You might not have the financial means to support a business right now, and that's okay — the pandemic has been just as taxing for individuals as it has for enterprises. Words of support go a long way to help someone who's having a difficult day (or year). You can write that you hope they'll persevere through these challenges; share that you are thinking of them and hoping that they'll make it through this rough patch. One option is to leave this message as a comment on a social media post, but you might decide to make it more personal by writing it down and mailing it. When your words reach the recipient, it may remind her of what we all need to hear right now: that everything is going to be okay.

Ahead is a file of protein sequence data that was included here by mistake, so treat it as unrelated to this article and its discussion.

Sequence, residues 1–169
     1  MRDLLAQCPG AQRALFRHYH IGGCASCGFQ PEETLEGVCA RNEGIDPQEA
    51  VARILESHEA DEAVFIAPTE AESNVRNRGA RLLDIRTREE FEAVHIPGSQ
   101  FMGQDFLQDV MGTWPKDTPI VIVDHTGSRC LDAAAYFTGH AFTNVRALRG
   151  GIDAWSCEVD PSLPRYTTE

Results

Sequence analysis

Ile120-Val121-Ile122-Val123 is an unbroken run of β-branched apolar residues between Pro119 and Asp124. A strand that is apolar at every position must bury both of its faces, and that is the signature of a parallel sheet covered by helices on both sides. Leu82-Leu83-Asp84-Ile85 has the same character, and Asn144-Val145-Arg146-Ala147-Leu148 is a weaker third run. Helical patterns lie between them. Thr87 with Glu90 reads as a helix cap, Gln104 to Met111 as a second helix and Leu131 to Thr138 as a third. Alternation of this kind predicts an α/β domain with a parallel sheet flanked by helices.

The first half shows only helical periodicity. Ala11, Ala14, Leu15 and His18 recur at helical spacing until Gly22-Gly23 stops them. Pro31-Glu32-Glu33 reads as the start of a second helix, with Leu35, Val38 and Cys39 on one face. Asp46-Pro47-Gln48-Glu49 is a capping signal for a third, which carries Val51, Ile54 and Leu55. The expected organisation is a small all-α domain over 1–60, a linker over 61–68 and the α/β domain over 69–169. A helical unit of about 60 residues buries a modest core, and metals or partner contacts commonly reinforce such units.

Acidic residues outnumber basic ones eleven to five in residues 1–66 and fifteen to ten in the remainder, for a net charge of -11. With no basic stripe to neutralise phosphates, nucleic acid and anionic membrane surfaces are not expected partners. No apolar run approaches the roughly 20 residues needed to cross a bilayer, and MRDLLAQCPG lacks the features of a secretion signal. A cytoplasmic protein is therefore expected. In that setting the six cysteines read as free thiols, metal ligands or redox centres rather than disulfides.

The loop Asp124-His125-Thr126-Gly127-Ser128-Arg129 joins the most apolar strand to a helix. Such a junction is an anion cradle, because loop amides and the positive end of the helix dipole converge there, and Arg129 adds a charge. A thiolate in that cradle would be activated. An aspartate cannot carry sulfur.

It's tough out there for entrepreneurs. For small businesses to survive the economic impacts of the pandemic, the community needs to support them. Any gesture, no matter how small, can absolutely have a positive impact on women-owned businesses.